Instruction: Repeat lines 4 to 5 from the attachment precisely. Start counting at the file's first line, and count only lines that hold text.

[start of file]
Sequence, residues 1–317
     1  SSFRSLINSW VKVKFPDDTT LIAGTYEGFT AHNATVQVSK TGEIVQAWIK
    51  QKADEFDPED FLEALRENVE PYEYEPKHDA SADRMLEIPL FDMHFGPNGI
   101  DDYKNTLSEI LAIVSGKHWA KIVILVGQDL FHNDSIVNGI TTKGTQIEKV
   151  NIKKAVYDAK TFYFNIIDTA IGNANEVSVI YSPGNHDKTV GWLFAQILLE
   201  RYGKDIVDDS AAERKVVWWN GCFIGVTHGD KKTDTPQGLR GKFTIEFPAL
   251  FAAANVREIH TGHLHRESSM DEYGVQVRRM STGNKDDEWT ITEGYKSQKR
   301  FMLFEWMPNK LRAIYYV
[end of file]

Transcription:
   101  DDYKNTLSEI LAIVSGKHWA KIVILVGQDL FHNDSIVNGI TTKGTQIEKV
   151  NIKKAVYDAK TFYFNIIDTA IGNANEVSVI YSPGNHDKTV GWLFAQILLE